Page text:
Close your eyes and try to remember the first time you got your arms and legs to propel you through the water, and the muffled sounds of those around you clapping and cheering you on. We can all recall the games of Marco Polo, swim meets, that first dive, and the joys of summer. So why aren’t you putting on a swimsuit and heading for the water? Let us give you some good reasons to get back into the swim of things.
We all know the importance of exercise in our daily lives as a person with diabetes. Swimming may well be the perfect exercise. It does not jar your joints like basketball, jogging, or tennis. Unlike golf and bowling, it keeps you moving for a length of time, rather than having you expend energy and then rest.
This is important for cardiovascular fitness in that it allows one to pump blood and oxygen more efficiently. Swimming also exercises both upper and lower body muscles at the same time, something that some other sports do not do, and it burns 350 to 420 calories per hour. It is especially good for those who have numbness or lack of feeling of the feet as it will do no harm.
As with other exercises we’ve been touting, swimming makes you feel good by producing endorphins. Finally, regular exercise like swimming will help tone you, will use up calories so that you can lose weight, help lower cholesterol and blood pressure, and in the process of becoming fit, help you control your diabetes.
The good thing about exercising in water is that just about anyone can do it. Old or young, fit or not so fit, in rehab or strong…just being in the water is calming, mentally and physically. Even people who are not in such good shape will benefit. For example, those with arthritis can swim because it places no extra stress on knees, elbows, or other parts of the body affected by the disease. It is an excellent cross-trainer for those of you who do other forms of exercise, allowing all muscle groups to be lengthened and strengthened. In the water your body weight is completely supported so you are less likely to suffer the common injuries people sustain on land. Since you are less likely to get hurt, it’s easier to set more rigorous goals.
For maximum benefit from swimming, you should do it at least three times a week for at least 10 minutes each time — the longer the better. But, don’t over do at the beginning, and do get medical permission to start any new exercise regime. None of us are children anymore, and we do have a chronic disease, so rest when you need to and increase your stamina at your own pace.
Swimming for exercise does not mean just jumping in the pool and doggie paddling around. You will need to set goals and prove to yourself that you can improve your life using this sport. Your goals may involve reducing the time it takes to swim a certain number of laps, being able to swim for a certain time or distance at one time, swimming a certain distance over a period of time like a month, learning a new stroke, joining a group of swimmers with similar interests, etc.
Since swimming is a solitary sport, being in a group may be important to you. When you do something alone, it’s easy to make excuses for not continuing. If you are part of a class or group, the wet hair and ride to the pool are outweighed by the phone calls from friends asking where you are and the shared cups of coffee after you have exercised. Being a member of a group makes it harder to back off of your pace on days you really don’t feel like pushing it, and more importantly, makes it more difficult to stop exercising. The truth is that each time you stop a program you are more likely not to start up again, and for a person with diabetes, that is a major problem.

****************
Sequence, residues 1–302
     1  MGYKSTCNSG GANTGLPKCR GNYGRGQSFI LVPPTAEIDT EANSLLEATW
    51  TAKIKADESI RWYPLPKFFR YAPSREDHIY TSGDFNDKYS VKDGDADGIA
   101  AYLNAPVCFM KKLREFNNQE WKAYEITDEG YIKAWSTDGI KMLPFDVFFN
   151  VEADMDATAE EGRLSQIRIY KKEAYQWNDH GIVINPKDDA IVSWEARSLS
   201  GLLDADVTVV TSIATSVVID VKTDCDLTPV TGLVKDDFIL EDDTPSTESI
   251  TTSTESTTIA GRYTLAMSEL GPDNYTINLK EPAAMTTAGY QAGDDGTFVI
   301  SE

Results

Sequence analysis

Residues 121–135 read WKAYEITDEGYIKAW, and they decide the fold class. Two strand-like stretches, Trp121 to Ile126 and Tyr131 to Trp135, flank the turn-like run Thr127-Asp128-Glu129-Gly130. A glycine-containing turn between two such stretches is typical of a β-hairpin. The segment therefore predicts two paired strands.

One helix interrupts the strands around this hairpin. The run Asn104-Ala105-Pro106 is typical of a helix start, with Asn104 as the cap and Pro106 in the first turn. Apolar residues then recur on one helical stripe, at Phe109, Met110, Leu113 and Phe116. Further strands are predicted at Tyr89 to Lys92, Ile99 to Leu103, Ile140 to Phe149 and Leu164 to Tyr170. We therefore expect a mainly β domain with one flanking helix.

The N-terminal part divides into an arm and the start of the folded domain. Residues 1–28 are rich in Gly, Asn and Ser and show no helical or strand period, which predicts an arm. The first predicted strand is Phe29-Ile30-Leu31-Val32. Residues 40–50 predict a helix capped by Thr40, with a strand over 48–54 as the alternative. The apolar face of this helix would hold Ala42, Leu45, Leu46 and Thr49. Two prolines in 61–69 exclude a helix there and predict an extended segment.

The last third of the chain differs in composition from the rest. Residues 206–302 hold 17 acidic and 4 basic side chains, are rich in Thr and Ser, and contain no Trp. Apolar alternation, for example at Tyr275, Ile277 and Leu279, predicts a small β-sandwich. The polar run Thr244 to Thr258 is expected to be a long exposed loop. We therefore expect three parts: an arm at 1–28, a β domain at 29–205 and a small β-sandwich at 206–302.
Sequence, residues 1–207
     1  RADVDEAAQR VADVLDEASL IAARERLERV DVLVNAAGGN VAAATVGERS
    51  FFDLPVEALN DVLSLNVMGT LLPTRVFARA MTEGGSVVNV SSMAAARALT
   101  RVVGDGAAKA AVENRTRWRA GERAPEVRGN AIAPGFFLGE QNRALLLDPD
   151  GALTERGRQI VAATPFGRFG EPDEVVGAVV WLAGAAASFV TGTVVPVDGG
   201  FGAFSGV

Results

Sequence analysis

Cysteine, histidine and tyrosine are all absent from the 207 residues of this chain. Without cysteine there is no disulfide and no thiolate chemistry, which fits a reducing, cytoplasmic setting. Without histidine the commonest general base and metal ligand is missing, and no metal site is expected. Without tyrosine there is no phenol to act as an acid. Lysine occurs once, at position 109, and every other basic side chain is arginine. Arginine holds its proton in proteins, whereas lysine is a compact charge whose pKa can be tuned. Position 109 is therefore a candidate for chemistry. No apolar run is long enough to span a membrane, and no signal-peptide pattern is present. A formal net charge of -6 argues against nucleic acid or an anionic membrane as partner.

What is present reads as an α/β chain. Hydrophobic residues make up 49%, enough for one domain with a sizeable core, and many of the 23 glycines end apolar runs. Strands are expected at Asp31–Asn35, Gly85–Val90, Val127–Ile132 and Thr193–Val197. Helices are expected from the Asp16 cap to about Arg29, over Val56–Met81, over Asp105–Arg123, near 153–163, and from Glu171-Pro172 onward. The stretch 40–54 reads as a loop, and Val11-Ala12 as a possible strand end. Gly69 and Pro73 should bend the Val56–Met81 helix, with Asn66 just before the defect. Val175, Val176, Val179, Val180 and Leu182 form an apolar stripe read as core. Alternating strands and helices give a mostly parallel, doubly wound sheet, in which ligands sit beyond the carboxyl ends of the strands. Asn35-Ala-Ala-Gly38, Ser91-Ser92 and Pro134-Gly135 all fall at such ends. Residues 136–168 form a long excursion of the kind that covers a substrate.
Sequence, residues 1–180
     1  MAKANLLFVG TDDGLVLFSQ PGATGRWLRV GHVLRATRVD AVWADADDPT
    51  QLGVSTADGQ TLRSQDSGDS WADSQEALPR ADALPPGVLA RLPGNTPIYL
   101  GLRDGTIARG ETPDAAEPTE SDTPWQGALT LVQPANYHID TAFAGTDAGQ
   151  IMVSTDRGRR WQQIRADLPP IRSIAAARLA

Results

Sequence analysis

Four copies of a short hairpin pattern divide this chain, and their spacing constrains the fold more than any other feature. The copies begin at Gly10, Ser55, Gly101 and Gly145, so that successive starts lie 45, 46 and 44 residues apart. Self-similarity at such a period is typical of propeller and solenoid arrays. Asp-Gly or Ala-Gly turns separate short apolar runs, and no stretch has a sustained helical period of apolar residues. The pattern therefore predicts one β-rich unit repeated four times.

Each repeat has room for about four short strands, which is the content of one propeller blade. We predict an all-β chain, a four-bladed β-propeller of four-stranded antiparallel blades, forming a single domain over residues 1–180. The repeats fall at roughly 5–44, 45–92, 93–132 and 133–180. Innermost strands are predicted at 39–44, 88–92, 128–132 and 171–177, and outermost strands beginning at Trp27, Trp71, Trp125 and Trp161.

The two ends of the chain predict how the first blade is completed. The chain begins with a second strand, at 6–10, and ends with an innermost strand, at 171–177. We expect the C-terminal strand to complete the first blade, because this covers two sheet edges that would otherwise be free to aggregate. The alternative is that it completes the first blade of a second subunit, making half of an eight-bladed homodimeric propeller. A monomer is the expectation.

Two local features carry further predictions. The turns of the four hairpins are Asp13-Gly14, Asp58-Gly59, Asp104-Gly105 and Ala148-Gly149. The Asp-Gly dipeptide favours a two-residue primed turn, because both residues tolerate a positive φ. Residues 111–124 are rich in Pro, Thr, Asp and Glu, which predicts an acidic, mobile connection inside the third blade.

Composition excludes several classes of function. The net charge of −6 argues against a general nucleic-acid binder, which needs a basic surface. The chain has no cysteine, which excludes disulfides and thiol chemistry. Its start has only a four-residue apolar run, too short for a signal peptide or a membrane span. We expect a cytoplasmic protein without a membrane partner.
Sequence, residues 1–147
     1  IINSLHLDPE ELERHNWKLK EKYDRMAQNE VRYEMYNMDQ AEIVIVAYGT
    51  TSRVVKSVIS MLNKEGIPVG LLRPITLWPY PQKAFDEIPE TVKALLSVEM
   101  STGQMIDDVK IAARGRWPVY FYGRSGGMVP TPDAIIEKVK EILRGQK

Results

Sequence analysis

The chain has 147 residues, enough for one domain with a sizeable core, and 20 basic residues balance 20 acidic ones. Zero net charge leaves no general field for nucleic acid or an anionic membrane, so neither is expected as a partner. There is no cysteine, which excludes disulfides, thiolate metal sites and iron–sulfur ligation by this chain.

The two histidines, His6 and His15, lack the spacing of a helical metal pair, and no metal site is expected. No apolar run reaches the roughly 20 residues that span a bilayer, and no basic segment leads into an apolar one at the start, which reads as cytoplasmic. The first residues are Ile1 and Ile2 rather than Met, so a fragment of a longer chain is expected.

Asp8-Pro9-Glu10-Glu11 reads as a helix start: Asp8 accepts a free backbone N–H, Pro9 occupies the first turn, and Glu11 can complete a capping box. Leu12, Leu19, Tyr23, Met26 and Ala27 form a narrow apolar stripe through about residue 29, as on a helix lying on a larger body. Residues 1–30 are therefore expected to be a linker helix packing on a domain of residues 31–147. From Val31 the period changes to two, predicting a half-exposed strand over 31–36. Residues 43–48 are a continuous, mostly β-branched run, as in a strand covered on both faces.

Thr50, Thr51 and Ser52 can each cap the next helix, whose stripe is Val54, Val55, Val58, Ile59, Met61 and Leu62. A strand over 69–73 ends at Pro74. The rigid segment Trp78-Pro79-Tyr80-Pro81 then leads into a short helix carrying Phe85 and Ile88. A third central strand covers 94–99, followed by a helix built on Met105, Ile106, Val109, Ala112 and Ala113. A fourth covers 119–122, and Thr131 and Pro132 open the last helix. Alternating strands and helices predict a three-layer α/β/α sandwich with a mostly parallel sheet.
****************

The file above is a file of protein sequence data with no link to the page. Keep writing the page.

Now, where to swim? If you live near a YMCA or YWCA, you might contact them for special classes or swimming times. Many hospitals and fitness centers have pools and classes. Hotels and motels have pools that often offer memberships for the local residents. Also check out the local schools. If you’re lucky you live by a lake or ocean, and then you need beach access to swim where there is a lifeguard.
The following are guidelines for the beginning swimmer:
- Before you start any new program, talk to your physician or health care team about your state of health, a good place to start, and what your initial goals should be.
- Report back to your doctor about any problems you may be having, and as important, any successes.
- Swimming can be tiring at the beginning, especially for those who are not good swimmers. Do not overdo. Make realistic goals based on your abilities.
- At the beginning of a session, ease into the water. Avoid diving into very cold water.
- When swimming outdoors, avoid sunburn. Too much sun ages you and can cause skin cancer.
- Never swim alone.
- Never swim after drinking alcohol or with someone else who has been drinking.
- Never swim outdoors during a storm.
- After eating, allow your food to digest before going into the water. Swimming directly after you eat interferes with the digestive process as your body has to divert blood from the stomach to the muscles.
- Never swim without your medical I.D. in case you need help.
- Drink fluids before and after your swim to prevent dehydration.
- Swimming, like any exercise, can cause hypoglycemia. Know the symptoms. Share them with a swimming buddy so that you stay safe and can enjoy the workout. Carry carbohydrate snacks with you to the pool in case you need some extra calories.
- Wear protective footwear if you are swimming in the ocean or lake. A small cut by stepping on a broken shell or rock can cause potentially serious problems with your feet.
- If you have cardiac disease, make sure to alert those in charge. If you take nitroglycerin tablets, make sure a supply is handy in your pool bag back on dry land.
Get into the pool, lake, ocean, and go after these goals. All you have to lose is weight, depression, and poor glucose control.